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Retail Design Expo: Create a memorable experience to halt retail fatigue says Katie Baron at Stylus

The desire for instant service shouldn’t come at the price of a great experience, warned Katie Baron, head of retail at Stylus, a trends and research agency.

She said retailers should be careful that "The pursuit of convenience doesn’t create an apathy that crushes meaningful connections”.

Speaking at the Retail Design Expo in Olympia exhibition centre in London, Baron predicted that brands able combine speed with experience will shine on the high street.

The “theatre of speed” was just one of the retail trends that Baron expects to grow in popularity on the high street in 2018 and beyond.

She shared examples of what forward-thinking businesses are already doing with the packed retail design theatre on the morning of day one of The Retail Design Expo show.

“Experience will be the key brand differentiator”on the high street, she said, giving the example of Adidas’ pop-up store in Berlin, where customers can have a custom-made Merino wool sweater produced for them in four hours. This, said Baron, played into “the notion of feeding speed but in a memorable manner”.

The consumer desire for constant change was also highlighted as driving new ways of doing business on the high street. The “update me economy” is driving some brands to completely rethink their business models.

She gave the example of Scandinavian Fashion brand FilippaK, which has experienced a 40% increase in rental sessions in 2016, following its decision to lease its collections to customers.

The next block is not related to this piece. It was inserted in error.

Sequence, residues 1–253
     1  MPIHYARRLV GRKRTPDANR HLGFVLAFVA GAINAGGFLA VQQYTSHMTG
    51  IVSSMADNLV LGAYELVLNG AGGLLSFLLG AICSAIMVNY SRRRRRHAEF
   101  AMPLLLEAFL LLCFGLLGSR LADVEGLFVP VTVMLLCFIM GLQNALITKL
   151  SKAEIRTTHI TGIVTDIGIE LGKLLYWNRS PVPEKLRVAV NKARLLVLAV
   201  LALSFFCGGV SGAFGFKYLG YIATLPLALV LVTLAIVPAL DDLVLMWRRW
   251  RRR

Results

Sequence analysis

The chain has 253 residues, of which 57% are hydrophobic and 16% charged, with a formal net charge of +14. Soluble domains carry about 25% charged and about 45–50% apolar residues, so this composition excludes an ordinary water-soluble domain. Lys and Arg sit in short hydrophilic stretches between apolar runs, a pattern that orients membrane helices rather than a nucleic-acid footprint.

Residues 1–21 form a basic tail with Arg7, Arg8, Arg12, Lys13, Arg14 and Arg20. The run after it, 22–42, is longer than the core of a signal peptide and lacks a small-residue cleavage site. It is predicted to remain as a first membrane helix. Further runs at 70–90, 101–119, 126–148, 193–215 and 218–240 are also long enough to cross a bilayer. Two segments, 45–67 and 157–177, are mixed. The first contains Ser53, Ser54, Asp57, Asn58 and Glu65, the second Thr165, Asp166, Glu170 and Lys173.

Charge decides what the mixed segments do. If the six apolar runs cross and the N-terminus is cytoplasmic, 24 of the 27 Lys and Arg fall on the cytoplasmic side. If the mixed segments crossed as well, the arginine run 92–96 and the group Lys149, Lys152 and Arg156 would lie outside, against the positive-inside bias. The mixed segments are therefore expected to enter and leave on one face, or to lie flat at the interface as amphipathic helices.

New business models will also emerge to feed the so-called liquid living” trend, predicts Baron. “There is a very widespread notion that the job of the brand is to service the consumer as fully as possible," she said, and this is driving brands to look at new ways to reach their customers.

Baron cited pharmacy as an area that is experiencing great change. Cedra Pharmacy is one chain that is combining products and services that differ to the usual high street offering. It sells a range of products and services, including custom products, such as mouthwash tailored to the ph of someone’s mouth as well as launching a range of organic cafes with highly trained staff to give nutritional advice.

Traditional retailers will have to think of new ways of providing exciting experience to succeed in a rapidly changing landscape, Baron advised. Brands need to “fuel fantasy – pushing the fantasy envelope is a smart move to beat retail fatigue”.

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